Squick: Scooby making Scrappy sneeze and get covered in his snot.
Also, this comment from Fred when he winds up in Daphne's body:
"Heeeeeeeeeeeeey... I can look at myself nakeeeeeeeeeeeeeeed!"
Strangled by the Red String: Despite a few token gestures, Fred and Daphne's romantic relationship really only amounts to just a few...moments. Aside from Velma's (possibly drunk) recollection of the two sitting next to eachother looking romantic-like, Fred openly lusting after Daphne when he switches bodies with her, and them sharing a rather abrupt kiss which ends just as abruptly, Fred and Daphne's romantic chemistry is rather...nonexistant, to put a word on it.
The fact that the group not only were separated for two years, but even after all that time still held a grudge is sad for anyone remembering the show for their friendship.
The entire gang splits after Velma quits, leaving only Shaggy and Scooby. Shaggy drives the Mystery Machine away while Scooby looks out the back window for the others, heartbroken.
Shaggy: Looks like it's just you and me now, Scoob.
The fact that as the Gang are fighting, Shaggy tries to smooth things over, and as they quit he can just softly protest.
Even more of a Tear Jerker if you consider "The Mystery Begins" to take place in the same continuity and you learn how Shaggy and Scooby came to join Mystery Inc. in the first place, Scooby had been rejected countless times until he was adopted by Shaggy, who was a Shrinking Violet that had trouble making friends until he met Fred, Daphne and Velma and the reason he stays with the group is that he considered them to be his friends. To have his closest friends, whom he has been with for such a long time to suddenly break up and not speak to each other for two years must have been really hard for him, even more s if you consider what he said to Scooby.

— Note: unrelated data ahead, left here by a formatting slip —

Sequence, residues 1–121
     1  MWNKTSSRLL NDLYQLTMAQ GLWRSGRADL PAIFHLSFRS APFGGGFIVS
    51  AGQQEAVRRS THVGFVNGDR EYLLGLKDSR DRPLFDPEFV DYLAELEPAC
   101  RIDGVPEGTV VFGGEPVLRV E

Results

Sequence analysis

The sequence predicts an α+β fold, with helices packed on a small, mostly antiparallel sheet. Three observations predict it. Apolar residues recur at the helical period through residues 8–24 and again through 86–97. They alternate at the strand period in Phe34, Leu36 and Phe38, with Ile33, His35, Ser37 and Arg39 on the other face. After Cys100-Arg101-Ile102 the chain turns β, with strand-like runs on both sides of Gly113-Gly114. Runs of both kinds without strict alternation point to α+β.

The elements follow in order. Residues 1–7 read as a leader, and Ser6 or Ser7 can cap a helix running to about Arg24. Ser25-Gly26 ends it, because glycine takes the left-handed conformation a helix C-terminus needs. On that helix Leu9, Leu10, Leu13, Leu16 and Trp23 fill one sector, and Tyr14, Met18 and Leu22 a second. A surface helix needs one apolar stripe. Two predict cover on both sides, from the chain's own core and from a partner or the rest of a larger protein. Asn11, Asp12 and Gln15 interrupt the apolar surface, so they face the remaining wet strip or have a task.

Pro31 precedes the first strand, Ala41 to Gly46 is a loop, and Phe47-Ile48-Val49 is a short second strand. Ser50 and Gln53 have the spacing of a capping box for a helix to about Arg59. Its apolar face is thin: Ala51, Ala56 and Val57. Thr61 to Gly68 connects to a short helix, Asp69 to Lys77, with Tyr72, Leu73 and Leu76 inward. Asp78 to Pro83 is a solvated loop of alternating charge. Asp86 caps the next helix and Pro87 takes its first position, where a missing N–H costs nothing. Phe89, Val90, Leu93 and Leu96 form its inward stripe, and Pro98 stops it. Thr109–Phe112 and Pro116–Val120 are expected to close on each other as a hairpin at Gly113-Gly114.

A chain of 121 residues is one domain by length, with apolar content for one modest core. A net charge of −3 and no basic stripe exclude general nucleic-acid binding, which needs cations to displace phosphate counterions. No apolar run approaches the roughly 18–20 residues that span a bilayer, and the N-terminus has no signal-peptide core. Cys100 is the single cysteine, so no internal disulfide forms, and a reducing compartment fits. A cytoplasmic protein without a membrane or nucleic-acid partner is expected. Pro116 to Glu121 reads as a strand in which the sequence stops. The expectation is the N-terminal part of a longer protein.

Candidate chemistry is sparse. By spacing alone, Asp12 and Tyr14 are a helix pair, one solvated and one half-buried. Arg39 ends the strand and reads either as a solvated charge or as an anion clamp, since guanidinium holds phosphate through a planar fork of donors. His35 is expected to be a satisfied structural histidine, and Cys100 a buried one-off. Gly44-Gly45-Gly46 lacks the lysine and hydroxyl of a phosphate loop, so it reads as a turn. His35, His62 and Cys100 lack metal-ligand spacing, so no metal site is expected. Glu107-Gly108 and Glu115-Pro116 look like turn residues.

Scooby: (sadly) Do I quit too?
Shaggy: (somberly) No, Scoob, best friends DON'T quit....
The way he says, he probably tried hard to stay strong for Scooby's sake.
In the deleted scenes, Fred's, Velma's and Daphne's descriptions of their lives since the gang split up show that, despite their claims, their lives were not going well since they left the gang.
Took the Bad Film Seriously: The actors, especially Matthew Lillard clearly commit to the film's goofy aesthetic, and their dedication makes it all the funnier.
Uncanny Valley: The CGI designs of Scooby and Scrappy are a little bit off-putting. At least the design for Scooby in the 2004 one was heavily improved. An intentional example appeared with both Mary Jane while possessed and Scrappy's disguise.